It's not getting easier.
For me, "it" has held many different definitions.
It: not being able to hold my daughter if she cries early in the morning.
It: not being home to see her smiling face when she wakes up.
It: seeing Lila's face for the first time each day on my cell phone screen during commercial breaks - and texting Matt for morning play-by-plays.
It: watching other women on the daycare's webcam rock Lila to sleep.
It: working as quickly as I can to get out the door so that I can hold her for the first time.
It: pumping bottles versus nursing through much of the day.
It has been really, really hard.
After months of praying for peace, a settled spirit, patience, wisdom, and clarity - I've learned that maybe it doesn't get easier for every mom.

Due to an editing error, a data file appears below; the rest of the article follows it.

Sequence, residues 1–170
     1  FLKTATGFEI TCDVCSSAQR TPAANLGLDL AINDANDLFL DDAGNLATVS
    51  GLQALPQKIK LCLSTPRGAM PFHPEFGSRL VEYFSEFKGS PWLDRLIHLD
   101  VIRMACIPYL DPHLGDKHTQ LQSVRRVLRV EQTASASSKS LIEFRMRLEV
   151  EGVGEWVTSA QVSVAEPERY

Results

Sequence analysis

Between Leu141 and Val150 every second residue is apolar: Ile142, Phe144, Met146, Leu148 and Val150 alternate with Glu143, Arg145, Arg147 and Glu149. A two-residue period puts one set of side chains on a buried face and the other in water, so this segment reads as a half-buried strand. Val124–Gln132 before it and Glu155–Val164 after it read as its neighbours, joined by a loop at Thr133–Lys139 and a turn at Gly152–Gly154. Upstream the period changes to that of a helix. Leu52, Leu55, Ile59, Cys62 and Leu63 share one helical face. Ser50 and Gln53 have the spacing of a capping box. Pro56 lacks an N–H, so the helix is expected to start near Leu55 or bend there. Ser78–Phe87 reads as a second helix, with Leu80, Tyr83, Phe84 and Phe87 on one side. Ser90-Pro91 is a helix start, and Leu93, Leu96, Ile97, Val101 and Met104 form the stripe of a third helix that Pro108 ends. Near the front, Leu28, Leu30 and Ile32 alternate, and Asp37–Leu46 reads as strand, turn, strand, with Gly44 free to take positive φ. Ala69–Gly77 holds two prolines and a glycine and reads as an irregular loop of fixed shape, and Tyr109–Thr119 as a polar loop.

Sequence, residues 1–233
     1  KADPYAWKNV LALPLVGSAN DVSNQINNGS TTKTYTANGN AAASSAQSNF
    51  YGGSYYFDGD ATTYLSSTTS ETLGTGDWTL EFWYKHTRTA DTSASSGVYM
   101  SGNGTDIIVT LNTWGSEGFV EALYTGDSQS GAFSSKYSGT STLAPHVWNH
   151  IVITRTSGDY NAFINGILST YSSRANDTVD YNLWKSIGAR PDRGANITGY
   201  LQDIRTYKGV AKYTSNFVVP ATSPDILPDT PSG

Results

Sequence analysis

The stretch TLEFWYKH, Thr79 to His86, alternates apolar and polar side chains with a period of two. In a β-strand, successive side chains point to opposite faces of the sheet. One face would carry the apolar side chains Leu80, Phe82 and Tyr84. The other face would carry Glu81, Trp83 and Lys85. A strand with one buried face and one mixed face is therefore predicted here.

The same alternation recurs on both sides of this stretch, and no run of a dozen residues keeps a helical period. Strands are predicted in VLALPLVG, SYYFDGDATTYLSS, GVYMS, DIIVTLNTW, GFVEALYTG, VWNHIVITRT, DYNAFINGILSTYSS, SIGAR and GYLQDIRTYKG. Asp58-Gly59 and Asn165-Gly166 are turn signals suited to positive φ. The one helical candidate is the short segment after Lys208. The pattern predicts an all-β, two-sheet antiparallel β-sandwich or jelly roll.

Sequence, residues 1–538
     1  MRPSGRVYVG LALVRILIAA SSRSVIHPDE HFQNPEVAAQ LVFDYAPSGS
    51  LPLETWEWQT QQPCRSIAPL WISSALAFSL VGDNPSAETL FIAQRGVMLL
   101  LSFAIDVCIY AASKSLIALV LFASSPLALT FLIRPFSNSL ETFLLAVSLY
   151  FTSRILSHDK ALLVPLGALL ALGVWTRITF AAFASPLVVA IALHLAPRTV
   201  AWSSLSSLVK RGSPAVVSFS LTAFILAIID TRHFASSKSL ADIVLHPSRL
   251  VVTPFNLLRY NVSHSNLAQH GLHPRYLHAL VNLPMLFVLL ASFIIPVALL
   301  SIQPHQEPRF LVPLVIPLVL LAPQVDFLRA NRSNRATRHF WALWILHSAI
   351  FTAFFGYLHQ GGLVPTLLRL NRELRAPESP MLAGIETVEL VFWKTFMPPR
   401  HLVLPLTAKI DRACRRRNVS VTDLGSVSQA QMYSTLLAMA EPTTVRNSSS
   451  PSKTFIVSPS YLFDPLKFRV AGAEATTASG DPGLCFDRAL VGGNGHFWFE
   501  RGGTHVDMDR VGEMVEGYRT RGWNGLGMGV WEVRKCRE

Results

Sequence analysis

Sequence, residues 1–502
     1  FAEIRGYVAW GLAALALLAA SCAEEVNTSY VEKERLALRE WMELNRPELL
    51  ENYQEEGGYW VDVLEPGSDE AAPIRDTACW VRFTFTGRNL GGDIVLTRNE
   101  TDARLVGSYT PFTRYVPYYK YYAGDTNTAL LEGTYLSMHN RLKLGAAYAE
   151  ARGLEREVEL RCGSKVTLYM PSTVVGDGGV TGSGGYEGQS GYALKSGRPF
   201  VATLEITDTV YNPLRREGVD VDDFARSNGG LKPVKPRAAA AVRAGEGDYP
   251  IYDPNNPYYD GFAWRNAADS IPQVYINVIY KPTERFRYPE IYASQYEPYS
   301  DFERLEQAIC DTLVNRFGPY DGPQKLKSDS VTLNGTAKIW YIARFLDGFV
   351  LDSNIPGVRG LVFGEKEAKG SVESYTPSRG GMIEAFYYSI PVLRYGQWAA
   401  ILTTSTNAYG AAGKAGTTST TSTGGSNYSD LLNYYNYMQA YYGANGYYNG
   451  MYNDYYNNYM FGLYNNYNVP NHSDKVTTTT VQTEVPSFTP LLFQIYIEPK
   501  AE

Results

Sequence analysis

Does that mean I need to leave my career? Work part-time? Find a different job?
For me, I can firmly answer "no" to all of those questions. Here's why:
I worked as a news anchor/reporter for almost 10 years before having Lila and it's something that lights a fire in my soul. I love sharing stories that affect the community I care about. I love being at adoption days for foster children I've featured in The New Family Tree. I love that I'm part of the #1 local news morning show in America. I love the interaction with co-workers. I love that hard work really does pay off.
But more than all of that, I love that Lila will see first-hand from me that a job doesn't have to be a "job." I want to see her succeed in school, college, and in a career that lights a fire in her soul.
I want her to be a difference-maker and I want her to see that in me.